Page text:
Exposed: The PowerExchange Backdoor Vulnerability in Microsoft Exchange Servers

We have discovered that the PowerExchange Backdoor is targeting Microsoft Exchange Servers and a Custom-made Powershell backdoor deployed on an unidentified UAE government entity.
Updated on
May 30, 2023
Published on
May 30, 2023
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Category: Adversary Intelligence

Industry: Government


Region: Middle East

Source: Underground

Executive Summary


  • Custom-made Powershell backdoor deployed on unidentified UAE government entity.
  •  Post this, multiple other implants and payloads were deployed, one such implant having credential-harvesting capabilities.


  • Access to government assets and related entities.
  • Access to government accounts.

Analysis and Attribution

Technical Summary - Attack Overview


  • A campaign involving a custom-made Powershell backdoor has been rediscovered. This campaign targeted Microsoft Exchange servers belonging to an unidentified UAE government entity.
  • The PowerExchange backdoor was delivered by the means of a phishing email, which contained an executable that served as a loader for the Powershell backdoor.
  • The backdoor achieved persistence by using the MicrosoftEdgeUpdateService scheduled task, making it so that the payload runs every five minutes under a new process.

  • The access provided by the backdoor was used to deploy more payloads, which included modules from the open-source project Invoke The-Hash in order to laterally move across the target domain.
  • Two C# webshells were also deployed in the form of .dlls. One of them was named ExchangeLeech, which had credential harvesting capabilities along with providing the ability to execute commands. Refer to Yara Rules for threat hunting.

Technical Summary - PowerExchange Backdoor

  • The backdoor comes in the form of a custom-made Powershell script. 
  • What makes it crafty in nature is that it uses the Microsoft Exchange Web Services API to connect to the target’s Exchange servers, and receives commands from the threat actor using mailboxes on the server.
  • In order to indicate that it is running, the backdoor connects to the target Exchange server, and sends the computer name encoded in base64 to a mailbox. The credentials used for the connection are hardcoded in the script.
  • In order to send data, the backdoor creates an email with the subject “Update Microsoft Edge” and the body “Microsoft Edge Update”, with the data being sent in a .txt attachment.
  • Commands are sent to the backdoor in the form of attachments containing base64 content, and the commands allow the threat actor to execute commands, download files or upload files.


Based on research published by multiple sources on the xHunt campaign from July 2018 targeting Kuwaiti government entities and shipping companies, we can attribute this campaign, the PowerExchange backdoor, and related tools to APT34, which is an Iranian threat.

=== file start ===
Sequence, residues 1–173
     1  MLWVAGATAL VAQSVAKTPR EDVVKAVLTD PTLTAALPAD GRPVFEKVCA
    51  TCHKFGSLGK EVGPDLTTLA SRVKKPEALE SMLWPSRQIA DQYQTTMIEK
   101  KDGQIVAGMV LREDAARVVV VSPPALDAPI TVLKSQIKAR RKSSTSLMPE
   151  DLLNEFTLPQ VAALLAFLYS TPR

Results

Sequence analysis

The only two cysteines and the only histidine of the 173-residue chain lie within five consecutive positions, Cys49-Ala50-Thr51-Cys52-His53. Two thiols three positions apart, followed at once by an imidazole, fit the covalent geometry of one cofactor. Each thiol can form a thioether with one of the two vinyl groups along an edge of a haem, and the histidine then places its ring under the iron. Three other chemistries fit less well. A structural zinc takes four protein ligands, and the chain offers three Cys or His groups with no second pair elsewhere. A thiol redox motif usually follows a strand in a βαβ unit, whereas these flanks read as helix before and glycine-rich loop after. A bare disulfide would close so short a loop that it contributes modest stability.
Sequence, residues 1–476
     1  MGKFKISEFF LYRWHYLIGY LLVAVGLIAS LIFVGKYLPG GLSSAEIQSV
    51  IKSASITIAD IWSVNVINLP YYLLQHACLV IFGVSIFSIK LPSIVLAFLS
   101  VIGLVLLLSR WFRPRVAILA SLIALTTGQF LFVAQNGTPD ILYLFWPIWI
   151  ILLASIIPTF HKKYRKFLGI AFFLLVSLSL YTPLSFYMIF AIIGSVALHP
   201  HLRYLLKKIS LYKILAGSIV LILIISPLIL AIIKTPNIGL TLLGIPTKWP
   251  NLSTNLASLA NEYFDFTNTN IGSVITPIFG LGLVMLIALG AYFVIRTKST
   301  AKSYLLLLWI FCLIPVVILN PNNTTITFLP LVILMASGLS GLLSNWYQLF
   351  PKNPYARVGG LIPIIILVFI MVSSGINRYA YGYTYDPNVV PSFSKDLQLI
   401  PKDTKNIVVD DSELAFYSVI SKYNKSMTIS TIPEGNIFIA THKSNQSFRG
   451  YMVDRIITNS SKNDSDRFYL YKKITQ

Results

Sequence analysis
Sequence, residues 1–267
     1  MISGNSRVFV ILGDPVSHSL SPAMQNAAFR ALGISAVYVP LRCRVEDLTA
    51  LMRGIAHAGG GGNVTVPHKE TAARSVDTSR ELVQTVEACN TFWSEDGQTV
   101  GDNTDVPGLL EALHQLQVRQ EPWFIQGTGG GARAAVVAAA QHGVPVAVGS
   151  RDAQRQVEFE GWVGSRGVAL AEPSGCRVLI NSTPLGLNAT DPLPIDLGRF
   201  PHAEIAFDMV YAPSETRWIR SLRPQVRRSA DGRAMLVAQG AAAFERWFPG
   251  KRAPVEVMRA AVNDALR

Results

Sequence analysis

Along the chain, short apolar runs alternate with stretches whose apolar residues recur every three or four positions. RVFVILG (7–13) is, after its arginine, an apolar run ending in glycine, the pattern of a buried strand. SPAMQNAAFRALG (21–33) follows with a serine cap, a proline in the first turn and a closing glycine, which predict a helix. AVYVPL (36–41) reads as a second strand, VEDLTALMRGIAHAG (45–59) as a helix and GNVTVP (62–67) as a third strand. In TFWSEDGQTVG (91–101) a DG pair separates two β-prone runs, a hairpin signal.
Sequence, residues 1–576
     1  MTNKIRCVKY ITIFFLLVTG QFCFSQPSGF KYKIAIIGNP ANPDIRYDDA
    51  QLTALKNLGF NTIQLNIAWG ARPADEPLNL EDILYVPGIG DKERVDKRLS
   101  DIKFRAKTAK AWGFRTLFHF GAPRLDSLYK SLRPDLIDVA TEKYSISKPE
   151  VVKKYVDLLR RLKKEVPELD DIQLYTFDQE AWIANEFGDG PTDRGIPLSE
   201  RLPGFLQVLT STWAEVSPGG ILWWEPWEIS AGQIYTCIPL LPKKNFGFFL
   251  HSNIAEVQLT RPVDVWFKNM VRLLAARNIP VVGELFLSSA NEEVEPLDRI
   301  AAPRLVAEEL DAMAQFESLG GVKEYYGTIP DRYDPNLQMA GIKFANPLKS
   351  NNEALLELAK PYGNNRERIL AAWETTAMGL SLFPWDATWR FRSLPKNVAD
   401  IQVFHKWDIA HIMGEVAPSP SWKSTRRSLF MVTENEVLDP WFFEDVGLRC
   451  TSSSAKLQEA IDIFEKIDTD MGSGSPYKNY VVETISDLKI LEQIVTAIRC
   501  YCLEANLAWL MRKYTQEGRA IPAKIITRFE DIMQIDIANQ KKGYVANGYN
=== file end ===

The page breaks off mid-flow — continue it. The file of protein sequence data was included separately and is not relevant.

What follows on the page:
The tools used in the xHunt campaign, notably the TriFive backdoor, share many similarities with the PowerExchange backdoor. Both backdoors are Powershell scripts, and use scheduled tasks in order to achieve persistence, and use the same method for C2 communication: the Exchange servers using the EWS API. APT34 is known to use phishing in order to gain initial access, and has targeted entities from the UAE before.


The MITRE TTPs associated with this campaign are as follows:



Initial Access (TA0001)

Phishing: Spearphising Attachment (T1566.001)

Execution (TA0002)

User Execution: Malicious File (T1204.002)

Scheduled Task/Job: Scheduled Task (T1053.005)

Command and Scripting Interpreter: PowerShell (T1059.001)

Defense Evasion (TA0005)

Masquerading: Masquerade Task or Service (T1036.004)
Masquerading: Match Legitimate Name or Location (T1036.005)

Discovery (TA0007)

Network Share Discovery (T1135)

Lateral Movement (TA0008)

Lateral Tool Transfer (T1570)

Exfiltration (TA0010)

Exfiltration Over C2 Channel (T1041)

Command and Control (TA0011)

Application Layer Protocol: Web Protocols (T1071.001)

Data Encoding: Standard Encoding (T1132.001)

YARA Rules 

The C# Webshells (.dll) are associated with the ExchangeLeech backdoor mentioned in the report.

import "pe"
rule System_Web_Transport_d11
description = "Webshell DLL installed as IIS module with named pipe tunneling"
author = "Digital14 Incident Response Team"
$opcode1 = {0C 72 [4] 0D 07 6F [4] 09 (1?| 1? ??) (1?| 1? ??) 6F [4] 6F [4] 1? ?? 07 6F [4] 09 (1?| 1? ??) (1?| 1? ??) 6F [4] 6F [4] 1? ??} //opcode for EndRequest
$opcode2 = {72 [4] 0A 72 [4] 0B 72 [4] 07 72 [4] 03 28 [4] 28 [4] 07 06 73 [4] 0C 08 20 [4] 6F [4].08} //opcode for Client
$PATH= "C:\\Users\\sheep\\" //DLL compilation folder
$splsvc= "splsvc" fullword wide //Named pipe defined name
pe.DLL and (($PATH and $splsvc) or any of ($opcode1, $opcode2)) and filesize < 12KB

rule System_Web_ServiceAuthentication_d11
description = "DLL installed as IIS module acting as credential harvester for users logging to OWA"
author = "Digital4 Incident Response Team"
$opcode1 {07 6F [4] 72 [4] 6F [4] 39 [4] 07 6F [4] 72 [4] 6F [4] 39 [4] 07 6F [4] 72 [4] 6F [4] 6F [4] ??} //opcode for begingHandler
$opcode2= {72 [4] 6F [4] 39 [4] 08 6F [4] 72 [4] 6F [4] 72 [4] 6F [4] 3A [4] 07 6F [4] 72 [4] 6F [4] ??} //opcode for Endrequest handler
$PATH1 = "c$\\windows\\temp\\D226B187 44C3 454B AD66" fullword wide //Users credentials output file save location
$PATH2 = "C:\\Users\\sheep\\" //DLL compilation folder
pe.DLL and (($PATH1 and $PATH2) or any of ($opcode1, $opcode2)) and filesize < 15KB


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